> developers and end-users who understand
> compiler technology then it will fail miserably no matter how
> much hype is in the presses
> these days.
Compiler technology is understandable today by most computer science
graduates, as is XML. Yet does anyone remember trying to follow what the
hell the guys at AT&T were up to with yacc (Yet Another
Compiler-Compiler) and so forth. In fact teenage computer science
students will be happily dealing in XML namespaces in two years time.
And why should XML be understood by end users? Compiler technology isn't
understood by most people who write C++ and Java programs. When my
clients use Microsoft Office 97 they don't want to understand the file
format. Why should that suddenly change when they use Office 2000? Sure,
*I* want to understand the file format so I can do things with it, but
that's my job. I also need to understand point-to-point tunnelling
protocol, active directory services and domain name servers -
unfortunately more than your 'average developer'.
> > I disagree with this 'dumbing down' attitude that seems to
> exist, where we
> > must ensure that everyone can understand. If you want to
> write a book
> > making it clearer then do it - we'd all probably be
> grateful - but the
> > spec itself MUST be a formal document.
> I don't know what your definition of genius is, but mine is
> simple "the ability to simplify
> the complex". Quite plainly, if you can make reduce the
> learning curve for our feeble human
> minds to understand, it will take less time for people to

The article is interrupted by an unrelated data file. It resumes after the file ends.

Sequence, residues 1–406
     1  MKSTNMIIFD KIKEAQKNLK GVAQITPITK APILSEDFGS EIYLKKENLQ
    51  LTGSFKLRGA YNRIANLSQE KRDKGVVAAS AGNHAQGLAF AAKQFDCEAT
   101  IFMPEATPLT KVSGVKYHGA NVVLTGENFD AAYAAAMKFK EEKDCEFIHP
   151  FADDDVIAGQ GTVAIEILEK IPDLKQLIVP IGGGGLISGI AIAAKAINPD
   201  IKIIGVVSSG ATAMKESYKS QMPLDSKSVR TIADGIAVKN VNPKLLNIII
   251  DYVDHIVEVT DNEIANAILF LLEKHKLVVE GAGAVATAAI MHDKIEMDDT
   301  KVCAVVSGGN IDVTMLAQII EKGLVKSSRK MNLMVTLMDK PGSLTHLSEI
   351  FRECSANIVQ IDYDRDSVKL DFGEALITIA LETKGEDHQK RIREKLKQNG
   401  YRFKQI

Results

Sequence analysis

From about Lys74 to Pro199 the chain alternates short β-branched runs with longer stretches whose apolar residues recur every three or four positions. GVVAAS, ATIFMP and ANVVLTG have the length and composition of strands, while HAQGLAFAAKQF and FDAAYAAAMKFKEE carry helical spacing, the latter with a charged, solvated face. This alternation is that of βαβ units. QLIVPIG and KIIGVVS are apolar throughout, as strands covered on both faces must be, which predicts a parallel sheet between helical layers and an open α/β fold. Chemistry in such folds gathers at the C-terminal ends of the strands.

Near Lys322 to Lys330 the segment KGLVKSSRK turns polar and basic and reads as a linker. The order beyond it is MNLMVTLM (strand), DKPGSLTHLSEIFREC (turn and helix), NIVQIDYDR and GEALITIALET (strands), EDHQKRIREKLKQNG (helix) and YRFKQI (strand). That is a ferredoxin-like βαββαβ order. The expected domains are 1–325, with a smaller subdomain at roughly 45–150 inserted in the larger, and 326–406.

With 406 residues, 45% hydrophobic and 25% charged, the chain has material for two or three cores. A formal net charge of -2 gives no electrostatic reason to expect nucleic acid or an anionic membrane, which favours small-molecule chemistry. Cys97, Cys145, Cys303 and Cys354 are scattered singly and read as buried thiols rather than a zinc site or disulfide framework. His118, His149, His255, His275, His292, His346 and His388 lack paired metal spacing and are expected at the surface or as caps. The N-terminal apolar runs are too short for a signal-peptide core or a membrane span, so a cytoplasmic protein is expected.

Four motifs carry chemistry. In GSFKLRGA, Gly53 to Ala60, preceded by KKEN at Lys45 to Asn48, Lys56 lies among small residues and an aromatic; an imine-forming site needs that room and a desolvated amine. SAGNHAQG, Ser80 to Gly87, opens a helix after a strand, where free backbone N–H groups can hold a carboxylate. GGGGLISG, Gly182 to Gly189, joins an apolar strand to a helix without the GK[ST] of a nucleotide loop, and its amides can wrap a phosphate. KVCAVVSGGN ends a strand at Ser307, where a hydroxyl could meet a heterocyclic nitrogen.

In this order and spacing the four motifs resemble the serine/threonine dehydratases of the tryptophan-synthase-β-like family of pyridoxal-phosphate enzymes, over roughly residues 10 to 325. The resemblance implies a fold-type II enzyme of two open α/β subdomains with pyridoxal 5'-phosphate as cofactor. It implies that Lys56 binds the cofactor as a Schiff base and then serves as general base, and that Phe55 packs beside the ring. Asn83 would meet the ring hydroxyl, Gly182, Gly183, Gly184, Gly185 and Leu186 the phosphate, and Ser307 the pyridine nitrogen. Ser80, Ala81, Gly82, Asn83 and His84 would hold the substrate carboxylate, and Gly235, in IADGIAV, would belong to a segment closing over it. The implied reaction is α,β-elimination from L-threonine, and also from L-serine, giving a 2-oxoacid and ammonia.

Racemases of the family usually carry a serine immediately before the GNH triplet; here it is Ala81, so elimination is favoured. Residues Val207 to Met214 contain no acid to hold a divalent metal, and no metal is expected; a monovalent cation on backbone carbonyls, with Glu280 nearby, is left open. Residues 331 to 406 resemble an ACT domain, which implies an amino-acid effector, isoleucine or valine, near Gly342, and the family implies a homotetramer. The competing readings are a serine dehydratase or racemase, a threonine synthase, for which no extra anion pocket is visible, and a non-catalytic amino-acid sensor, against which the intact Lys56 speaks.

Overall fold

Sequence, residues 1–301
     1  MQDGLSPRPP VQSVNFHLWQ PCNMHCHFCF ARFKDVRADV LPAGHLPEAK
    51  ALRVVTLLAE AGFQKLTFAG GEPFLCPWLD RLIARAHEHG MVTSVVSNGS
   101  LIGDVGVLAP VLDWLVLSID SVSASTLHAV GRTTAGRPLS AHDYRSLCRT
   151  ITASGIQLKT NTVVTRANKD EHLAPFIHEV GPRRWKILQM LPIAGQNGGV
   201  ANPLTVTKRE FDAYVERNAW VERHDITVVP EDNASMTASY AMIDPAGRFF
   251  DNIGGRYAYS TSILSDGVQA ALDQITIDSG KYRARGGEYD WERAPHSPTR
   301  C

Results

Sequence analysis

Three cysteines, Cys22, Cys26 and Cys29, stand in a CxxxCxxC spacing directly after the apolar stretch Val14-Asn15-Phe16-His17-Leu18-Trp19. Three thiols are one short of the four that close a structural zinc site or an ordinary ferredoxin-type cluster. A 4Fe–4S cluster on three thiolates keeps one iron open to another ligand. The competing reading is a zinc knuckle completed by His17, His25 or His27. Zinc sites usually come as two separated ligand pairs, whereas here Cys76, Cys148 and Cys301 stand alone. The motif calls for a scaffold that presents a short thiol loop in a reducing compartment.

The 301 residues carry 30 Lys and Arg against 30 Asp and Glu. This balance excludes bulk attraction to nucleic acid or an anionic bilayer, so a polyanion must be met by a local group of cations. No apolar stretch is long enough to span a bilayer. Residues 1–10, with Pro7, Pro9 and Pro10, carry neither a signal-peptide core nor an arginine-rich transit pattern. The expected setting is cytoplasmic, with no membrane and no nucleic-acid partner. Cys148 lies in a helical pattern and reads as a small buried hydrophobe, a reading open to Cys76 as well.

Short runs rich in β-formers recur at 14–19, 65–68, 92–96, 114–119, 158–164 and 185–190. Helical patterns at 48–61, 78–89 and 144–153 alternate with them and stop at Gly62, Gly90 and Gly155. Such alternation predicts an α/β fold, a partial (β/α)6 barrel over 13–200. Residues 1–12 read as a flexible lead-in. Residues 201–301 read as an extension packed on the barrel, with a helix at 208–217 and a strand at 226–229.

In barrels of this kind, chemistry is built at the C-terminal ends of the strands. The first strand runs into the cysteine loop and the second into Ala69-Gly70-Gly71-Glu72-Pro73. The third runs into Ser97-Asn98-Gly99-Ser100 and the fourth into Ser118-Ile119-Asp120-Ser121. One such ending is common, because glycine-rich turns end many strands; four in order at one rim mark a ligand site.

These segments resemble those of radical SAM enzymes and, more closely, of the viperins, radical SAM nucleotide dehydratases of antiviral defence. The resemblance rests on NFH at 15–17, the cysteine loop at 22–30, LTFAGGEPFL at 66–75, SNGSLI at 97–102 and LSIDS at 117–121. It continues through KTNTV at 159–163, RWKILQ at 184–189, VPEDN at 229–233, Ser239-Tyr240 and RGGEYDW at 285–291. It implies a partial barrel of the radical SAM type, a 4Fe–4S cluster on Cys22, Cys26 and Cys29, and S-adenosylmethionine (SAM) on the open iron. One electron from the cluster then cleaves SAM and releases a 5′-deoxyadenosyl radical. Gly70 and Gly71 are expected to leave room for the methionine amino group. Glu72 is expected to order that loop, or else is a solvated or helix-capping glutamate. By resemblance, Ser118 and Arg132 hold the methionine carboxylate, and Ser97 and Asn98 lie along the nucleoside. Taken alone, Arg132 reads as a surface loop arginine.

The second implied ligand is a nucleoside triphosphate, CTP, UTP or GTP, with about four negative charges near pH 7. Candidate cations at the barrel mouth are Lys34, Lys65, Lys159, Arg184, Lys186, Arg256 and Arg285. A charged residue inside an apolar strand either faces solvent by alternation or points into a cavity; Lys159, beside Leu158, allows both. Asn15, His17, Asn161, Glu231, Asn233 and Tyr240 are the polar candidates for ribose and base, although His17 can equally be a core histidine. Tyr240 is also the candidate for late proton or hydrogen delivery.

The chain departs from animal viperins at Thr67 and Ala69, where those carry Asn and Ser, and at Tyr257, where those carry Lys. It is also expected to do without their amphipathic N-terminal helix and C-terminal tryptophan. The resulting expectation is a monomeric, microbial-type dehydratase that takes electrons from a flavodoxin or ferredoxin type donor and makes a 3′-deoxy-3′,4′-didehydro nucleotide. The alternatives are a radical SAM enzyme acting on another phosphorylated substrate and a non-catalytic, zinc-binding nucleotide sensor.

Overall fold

> learn those concepts and they can
> then take the time they have saved and work on new and
> interesting tasks.
Lovely. But I could equally say that the people who come up with the big
stuff can obviously produce better things than those who have to be
helped to understand what they've produced. They should therefore spend
more time developing and less time explaining. Of course I wouldn't say
that ... but by your criteria of efficiency I would be perfectly
justified. In fact it has to be a bit of both - developing and educating
- but my central point is that the standards writer is not responsible
for take-up. It's great if they get involved - like some do on this list
- but it's not an obligation.
> If every generation
> has to spend most of their adult life just learning
> everything that the previous generation
> created (but did not simplify) we will never have progress
> because human beings will be very
> old and very grey before they ever get the opportunity to
> even think original thoughts.
Seems to me that actually each generation simplifies what its ancestors
produced. And then its the next generation who truly benefit from that.
Nobody simplified (or complicated, depending on your standpoint (-:)
Aristotle, Hegel, Marx, Einstein, Freud, and so on, in their own
lifetimes. Yet today, most physics students can easily understand
Einstein's theory of relativity.